School patronage and rights of parents


Sir, – We are supposed to live in a republic where basic human rights such as freedom of conscience and freedom of religion should be protected. Yet we have a primary school system dominated to the tune of 90 per cent by the Catholic Church, which does not protect the constitutional right of parents to opt their children out of unwanted religious indoctrination, which can permeate the entire school day. Up until last year, it was legal for publicly-funded primary schools to discriminate against children based on religion. You might think that the only kind of republic that these facts would be consonant with would be a theocratic republic, but you’d be wrong.

I presume supporters of the status quo would support a publicly-funded system in a Muslim-majority country where Catholic children were subjected to Islamic indoctrination throughout the school day? Minority rights should not matter too much once the majority don’t have a problem with it, right?

There is a place for denominational education for those who want it, but the status quo where the Catholic Church dominates to such an extreme degree, where children are subjected to unwanted indoctrination, in breach of their and their parents’ constitutional rights, in a system they contribute to funding is, as Archbishop Diarmuid Martin said, not tenable, nor is it reflective of the wishes of a growing number of parents.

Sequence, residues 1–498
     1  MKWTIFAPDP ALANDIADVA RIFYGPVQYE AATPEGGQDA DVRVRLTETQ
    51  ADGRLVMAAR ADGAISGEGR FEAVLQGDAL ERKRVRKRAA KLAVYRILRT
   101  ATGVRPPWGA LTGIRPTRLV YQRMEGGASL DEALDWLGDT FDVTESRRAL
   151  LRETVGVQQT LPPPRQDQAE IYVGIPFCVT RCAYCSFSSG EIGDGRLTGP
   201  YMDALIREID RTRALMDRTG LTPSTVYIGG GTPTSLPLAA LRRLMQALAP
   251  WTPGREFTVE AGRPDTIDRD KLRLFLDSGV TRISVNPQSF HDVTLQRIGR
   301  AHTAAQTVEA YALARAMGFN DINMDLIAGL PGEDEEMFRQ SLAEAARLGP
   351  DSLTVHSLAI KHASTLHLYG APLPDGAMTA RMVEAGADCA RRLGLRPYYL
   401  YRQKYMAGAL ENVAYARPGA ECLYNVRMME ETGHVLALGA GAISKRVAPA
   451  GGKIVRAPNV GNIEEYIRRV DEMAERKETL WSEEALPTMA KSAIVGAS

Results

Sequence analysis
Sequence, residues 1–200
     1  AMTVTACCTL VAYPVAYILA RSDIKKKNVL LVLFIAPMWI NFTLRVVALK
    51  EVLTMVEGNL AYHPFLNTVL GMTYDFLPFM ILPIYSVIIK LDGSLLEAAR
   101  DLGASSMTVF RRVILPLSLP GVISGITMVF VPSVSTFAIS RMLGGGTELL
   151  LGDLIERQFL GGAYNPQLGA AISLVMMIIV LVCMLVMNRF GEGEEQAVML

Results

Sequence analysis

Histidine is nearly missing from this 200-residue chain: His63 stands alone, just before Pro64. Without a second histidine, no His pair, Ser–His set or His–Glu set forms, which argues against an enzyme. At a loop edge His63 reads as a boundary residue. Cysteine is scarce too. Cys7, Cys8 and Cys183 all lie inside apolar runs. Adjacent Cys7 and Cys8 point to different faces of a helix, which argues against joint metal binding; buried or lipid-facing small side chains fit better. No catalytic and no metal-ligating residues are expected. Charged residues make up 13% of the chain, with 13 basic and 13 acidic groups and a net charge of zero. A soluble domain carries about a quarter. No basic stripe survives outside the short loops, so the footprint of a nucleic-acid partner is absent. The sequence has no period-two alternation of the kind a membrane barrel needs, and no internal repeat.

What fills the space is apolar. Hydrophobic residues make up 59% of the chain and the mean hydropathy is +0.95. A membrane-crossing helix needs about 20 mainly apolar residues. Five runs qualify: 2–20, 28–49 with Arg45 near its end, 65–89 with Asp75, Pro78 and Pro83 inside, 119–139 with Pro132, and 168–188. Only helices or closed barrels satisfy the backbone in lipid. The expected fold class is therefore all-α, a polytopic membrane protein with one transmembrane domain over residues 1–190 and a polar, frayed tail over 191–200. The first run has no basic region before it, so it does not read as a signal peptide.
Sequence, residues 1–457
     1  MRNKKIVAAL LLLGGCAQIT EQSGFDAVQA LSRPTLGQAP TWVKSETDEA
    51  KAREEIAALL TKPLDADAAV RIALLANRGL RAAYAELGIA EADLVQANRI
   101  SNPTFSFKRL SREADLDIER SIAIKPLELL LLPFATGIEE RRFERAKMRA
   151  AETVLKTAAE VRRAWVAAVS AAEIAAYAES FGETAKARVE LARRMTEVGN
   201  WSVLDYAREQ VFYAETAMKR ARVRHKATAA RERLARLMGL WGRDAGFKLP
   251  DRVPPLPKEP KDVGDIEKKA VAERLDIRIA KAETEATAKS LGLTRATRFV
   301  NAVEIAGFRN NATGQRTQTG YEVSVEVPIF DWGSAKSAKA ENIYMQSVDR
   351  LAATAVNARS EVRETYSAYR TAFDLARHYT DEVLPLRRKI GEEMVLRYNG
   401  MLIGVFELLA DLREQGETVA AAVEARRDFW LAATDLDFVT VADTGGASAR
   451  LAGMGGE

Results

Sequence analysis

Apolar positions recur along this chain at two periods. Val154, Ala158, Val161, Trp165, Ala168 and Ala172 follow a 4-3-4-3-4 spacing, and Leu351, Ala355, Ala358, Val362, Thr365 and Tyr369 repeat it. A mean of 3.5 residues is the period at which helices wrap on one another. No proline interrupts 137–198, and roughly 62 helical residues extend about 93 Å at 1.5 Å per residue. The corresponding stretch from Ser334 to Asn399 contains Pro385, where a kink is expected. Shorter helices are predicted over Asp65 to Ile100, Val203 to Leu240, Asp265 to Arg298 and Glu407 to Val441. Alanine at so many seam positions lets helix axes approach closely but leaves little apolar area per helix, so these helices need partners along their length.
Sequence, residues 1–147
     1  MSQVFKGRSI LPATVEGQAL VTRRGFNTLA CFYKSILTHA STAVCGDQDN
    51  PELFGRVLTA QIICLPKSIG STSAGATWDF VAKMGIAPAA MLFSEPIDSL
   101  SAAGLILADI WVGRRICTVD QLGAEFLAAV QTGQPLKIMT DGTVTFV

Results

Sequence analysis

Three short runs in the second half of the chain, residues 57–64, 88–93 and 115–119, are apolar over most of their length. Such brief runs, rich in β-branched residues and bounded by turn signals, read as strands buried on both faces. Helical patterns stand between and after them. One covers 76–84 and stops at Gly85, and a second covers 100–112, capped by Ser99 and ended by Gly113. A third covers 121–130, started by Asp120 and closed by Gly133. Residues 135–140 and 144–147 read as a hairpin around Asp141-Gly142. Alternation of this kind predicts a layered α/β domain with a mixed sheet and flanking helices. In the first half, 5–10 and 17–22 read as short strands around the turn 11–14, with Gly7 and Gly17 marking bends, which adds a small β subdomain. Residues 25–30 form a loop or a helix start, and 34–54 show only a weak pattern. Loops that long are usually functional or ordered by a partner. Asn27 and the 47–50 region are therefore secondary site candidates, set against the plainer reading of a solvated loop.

Is the vision of the Irish education system for an increasingly pluralistic society one where children will be educated on a religiously segregated basis? How did this work out in Northern Ireland? If everyone has a right to educate their children through their religion, are we to have a school for every religion in every area in the country? How would this be funded? Is that really a recipe for a true republic?

Yes, we need to build more schools and some schools should be divested, but the vision should be one of pluralism and inclusivity, where fundamental human and constitutional rights are protected. – Yours, etc,



Dublin 16.